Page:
Bottom Line: Immunogold electron microscope (EM) studies on ultra-thin sections of high-pressure freezing/frozen substituted developing mung bean cotyledons demonstrated that VrSBP1 was localized specifically to the tonoplast of the protein storage vacuole and to the limiting membrane of a novel putative prevacuolar compartment.Biochemical and subcellular fractionation studies further demonstrated that VrSBP1 proteins were membrane-associated in developing mung beans, consistent with their tonoplast localization.This study thus shows convincing evidence of tonoplast-localization of a plant SBP for its future functional characterization and provides a model of studying non-integral membrane proteins associated with the tonoplasts in plant cells.

View Article: PubMed Central - PubMed

Affiliation: Department of Biology and Centre for Cell and Development Biology, The Chinese University of Hong Kong, Shatin, New Territories, Hong Kong, China.

ABSTRACT
Sucrose binding proteins (SBPs) were predicted to be membrane-associated, but have been shown to localize in the lumen of protein storage vacuoles of various seeds. In this study, a new 64 kDa SBP has been identified from developing mung bean (Vigna radiata) seeds (here termed VrSBP1) via MS/MS analysis and N-terminal amino acid sequencing analysis and specific antibodies were generated using purified VrSBP1 proteins. Western blot analysis with the new VrSBP1 antibodies showed that, similar to most seed storage proteins, VrSBP1 proteins accumulated during seed development and were subsequently mobilized once the mung bean seeds germinated. Immunogold electron microscope (EM) studies on ultra-thin sections of high-pressure freezing/frozen substituted developing mung bean cotyledons demonstrated that VrSBP1 was localized specifically to the tonoplast of the protein storage vacuole and to the limiting membrane of a novel putative prevacuolar compartment. Biochemical and subcellular fractionation studies further demonstrated that VrSBP1 proteins were membrane-associated in developing mung beans, consistent with their tonoplast localization. This study thus shows convincing evidence of tonoplast-localization of a plant SBP for its future functional characterization and provides a model of studying non-integral membrane proteins associated with the tonoplasts in plant cells.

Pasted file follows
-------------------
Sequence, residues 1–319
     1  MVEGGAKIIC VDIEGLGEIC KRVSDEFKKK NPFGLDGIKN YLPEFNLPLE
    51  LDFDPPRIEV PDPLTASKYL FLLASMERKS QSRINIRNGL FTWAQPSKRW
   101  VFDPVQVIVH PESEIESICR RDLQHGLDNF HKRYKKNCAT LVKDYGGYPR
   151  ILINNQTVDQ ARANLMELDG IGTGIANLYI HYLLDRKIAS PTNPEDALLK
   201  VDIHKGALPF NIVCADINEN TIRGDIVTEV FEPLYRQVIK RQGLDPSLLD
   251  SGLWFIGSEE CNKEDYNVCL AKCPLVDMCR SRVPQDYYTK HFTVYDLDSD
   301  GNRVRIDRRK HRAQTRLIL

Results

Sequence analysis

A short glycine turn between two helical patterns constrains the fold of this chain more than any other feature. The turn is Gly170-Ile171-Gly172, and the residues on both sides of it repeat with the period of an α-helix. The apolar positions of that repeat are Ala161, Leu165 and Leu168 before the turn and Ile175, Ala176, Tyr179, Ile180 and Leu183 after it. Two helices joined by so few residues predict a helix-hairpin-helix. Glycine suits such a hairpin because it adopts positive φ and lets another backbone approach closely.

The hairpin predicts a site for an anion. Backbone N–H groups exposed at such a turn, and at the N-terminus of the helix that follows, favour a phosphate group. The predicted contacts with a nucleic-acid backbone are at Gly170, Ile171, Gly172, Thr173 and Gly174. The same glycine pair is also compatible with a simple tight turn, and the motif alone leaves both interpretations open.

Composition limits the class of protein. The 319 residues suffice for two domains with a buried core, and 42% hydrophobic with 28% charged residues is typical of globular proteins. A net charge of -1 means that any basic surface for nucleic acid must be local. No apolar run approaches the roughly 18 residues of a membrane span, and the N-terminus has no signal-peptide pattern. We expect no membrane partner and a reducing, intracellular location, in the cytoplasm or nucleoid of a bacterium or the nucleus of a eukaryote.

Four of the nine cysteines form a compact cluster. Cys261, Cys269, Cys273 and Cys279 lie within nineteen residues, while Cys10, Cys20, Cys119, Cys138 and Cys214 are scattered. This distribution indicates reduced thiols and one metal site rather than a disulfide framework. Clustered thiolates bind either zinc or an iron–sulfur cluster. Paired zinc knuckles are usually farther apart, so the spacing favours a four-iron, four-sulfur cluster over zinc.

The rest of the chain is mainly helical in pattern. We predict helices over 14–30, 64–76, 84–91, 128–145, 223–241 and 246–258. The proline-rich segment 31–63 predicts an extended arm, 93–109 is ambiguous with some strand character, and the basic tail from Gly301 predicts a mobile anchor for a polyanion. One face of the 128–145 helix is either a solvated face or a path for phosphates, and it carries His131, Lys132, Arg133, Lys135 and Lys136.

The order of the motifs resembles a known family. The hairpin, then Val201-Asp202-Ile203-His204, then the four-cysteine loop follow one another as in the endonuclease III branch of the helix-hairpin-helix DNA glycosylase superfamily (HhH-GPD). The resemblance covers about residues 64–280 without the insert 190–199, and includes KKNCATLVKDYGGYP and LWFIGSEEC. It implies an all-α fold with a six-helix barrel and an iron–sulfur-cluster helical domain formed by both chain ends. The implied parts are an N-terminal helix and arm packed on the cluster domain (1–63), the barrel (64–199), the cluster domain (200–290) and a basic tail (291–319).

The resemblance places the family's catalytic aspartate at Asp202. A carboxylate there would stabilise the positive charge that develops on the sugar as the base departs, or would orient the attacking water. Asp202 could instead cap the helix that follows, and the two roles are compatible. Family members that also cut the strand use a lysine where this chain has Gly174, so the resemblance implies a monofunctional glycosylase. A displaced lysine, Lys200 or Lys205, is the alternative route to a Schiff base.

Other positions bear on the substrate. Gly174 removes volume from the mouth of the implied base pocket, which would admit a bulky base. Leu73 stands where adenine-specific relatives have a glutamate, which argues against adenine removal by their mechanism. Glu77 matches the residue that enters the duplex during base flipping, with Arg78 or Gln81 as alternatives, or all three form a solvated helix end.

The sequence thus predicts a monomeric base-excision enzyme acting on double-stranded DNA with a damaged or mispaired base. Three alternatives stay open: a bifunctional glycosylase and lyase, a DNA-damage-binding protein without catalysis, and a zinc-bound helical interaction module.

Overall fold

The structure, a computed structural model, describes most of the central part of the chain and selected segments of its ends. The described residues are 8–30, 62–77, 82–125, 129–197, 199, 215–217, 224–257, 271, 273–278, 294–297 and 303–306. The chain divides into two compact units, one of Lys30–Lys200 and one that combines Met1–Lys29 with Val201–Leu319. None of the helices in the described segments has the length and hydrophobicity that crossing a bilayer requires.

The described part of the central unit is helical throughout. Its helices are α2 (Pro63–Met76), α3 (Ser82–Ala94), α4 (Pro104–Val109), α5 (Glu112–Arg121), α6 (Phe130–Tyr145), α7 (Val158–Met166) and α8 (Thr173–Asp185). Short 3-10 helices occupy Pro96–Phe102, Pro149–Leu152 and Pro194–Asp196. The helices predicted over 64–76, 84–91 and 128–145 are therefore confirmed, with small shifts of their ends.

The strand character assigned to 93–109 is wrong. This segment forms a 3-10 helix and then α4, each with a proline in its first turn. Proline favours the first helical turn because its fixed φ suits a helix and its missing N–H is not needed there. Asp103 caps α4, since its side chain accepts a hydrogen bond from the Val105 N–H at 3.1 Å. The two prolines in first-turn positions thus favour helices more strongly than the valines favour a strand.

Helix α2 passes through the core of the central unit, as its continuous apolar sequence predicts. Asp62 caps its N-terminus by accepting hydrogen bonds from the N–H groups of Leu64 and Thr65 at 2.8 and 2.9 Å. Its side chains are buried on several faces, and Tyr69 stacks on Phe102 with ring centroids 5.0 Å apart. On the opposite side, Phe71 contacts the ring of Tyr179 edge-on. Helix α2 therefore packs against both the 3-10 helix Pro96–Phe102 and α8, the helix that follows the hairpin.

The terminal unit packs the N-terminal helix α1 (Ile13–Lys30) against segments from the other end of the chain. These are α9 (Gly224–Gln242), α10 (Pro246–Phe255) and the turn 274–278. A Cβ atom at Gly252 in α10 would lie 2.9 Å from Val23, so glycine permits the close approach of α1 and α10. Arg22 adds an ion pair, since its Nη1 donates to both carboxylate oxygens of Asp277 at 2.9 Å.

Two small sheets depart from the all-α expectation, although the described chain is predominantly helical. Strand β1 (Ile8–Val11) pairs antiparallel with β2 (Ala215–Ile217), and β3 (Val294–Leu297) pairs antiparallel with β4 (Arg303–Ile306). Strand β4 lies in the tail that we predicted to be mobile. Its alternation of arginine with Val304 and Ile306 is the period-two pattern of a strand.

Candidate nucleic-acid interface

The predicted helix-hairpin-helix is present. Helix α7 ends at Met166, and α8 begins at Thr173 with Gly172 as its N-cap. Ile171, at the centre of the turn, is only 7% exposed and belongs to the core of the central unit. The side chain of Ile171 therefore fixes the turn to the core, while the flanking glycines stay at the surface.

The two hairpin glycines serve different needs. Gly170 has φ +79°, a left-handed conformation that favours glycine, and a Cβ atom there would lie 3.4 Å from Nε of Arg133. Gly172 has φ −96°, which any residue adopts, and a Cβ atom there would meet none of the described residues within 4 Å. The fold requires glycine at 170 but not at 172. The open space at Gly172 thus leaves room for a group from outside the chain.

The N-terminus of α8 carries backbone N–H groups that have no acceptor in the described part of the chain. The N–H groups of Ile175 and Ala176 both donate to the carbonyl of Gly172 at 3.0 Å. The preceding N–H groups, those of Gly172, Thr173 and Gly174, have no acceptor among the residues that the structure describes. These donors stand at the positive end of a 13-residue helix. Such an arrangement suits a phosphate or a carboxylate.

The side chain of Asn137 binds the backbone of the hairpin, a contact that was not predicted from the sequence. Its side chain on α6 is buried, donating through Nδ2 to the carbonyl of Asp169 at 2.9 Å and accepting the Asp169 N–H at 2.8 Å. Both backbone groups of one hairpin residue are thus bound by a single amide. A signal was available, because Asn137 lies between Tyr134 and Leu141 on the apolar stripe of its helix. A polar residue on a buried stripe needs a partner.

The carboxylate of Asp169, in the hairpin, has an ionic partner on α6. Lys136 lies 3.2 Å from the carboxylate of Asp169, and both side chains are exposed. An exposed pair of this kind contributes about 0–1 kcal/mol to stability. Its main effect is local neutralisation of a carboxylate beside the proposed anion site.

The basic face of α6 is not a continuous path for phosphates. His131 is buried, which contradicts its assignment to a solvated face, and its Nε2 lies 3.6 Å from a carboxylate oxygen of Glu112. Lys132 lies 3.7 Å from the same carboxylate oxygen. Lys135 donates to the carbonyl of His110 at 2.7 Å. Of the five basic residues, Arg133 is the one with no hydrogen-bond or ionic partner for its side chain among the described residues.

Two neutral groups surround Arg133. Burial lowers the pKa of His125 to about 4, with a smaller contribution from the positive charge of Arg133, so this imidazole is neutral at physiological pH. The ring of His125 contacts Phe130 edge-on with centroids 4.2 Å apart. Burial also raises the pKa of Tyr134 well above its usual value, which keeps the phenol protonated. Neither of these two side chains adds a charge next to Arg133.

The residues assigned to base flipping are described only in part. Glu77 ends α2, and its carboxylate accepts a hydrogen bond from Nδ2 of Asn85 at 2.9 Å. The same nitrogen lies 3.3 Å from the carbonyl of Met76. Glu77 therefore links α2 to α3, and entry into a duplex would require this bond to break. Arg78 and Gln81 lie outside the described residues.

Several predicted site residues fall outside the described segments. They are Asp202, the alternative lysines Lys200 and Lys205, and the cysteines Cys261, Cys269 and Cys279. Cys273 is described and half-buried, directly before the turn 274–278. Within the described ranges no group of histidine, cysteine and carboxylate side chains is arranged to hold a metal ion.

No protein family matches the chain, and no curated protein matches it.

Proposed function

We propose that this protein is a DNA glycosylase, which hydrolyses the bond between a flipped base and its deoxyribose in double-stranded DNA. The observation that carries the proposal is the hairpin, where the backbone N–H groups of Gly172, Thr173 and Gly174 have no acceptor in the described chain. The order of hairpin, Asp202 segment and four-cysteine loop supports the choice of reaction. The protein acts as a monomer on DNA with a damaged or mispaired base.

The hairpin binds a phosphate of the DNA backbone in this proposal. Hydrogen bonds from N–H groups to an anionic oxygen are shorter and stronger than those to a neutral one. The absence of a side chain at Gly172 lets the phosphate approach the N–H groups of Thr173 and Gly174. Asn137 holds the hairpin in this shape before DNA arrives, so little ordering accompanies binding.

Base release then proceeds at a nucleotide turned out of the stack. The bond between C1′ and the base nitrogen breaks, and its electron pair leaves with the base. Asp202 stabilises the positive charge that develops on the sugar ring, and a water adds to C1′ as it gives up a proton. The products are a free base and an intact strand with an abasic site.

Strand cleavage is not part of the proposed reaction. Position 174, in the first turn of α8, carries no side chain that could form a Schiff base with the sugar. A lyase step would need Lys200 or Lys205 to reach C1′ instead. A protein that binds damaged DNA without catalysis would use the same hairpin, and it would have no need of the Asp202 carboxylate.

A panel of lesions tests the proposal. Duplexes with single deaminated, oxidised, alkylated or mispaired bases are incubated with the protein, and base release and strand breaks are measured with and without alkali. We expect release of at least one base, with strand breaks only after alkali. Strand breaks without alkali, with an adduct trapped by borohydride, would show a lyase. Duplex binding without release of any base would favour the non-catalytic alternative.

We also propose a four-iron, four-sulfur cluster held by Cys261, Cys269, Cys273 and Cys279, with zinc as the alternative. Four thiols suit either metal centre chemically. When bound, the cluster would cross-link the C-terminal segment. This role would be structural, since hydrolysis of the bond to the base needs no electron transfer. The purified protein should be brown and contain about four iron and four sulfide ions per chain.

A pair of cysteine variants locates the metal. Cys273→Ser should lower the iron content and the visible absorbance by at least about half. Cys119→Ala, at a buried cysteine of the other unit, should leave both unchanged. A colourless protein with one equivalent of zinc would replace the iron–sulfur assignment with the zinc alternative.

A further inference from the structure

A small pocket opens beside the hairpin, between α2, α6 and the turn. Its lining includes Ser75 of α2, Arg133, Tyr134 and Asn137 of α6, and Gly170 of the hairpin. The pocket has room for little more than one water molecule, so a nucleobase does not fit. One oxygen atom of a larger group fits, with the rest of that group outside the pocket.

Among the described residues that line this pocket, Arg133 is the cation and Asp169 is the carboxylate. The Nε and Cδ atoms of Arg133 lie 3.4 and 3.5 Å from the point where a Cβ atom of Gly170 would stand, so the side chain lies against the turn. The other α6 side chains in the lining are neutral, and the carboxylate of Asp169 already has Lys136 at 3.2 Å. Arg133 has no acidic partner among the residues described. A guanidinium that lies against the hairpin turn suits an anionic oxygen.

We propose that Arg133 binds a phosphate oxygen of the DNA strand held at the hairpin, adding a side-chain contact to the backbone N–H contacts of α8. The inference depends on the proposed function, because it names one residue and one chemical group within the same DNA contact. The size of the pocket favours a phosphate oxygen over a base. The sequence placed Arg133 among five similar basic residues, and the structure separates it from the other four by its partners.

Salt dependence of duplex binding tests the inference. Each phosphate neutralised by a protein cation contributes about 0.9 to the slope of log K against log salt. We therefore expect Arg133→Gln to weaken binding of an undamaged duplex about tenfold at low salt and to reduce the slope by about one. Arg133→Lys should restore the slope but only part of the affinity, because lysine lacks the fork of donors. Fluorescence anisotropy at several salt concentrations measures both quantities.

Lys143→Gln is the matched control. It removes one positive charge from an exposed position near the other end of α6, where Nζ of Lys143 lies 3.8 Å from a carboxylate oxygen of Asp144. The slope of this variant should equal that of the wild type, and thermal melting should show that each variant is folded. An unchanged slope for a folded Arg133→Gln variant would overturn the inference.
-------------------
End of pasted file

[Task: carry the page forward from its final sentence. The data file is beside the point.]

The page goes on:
Show MeSH
Related in: MedlinePlus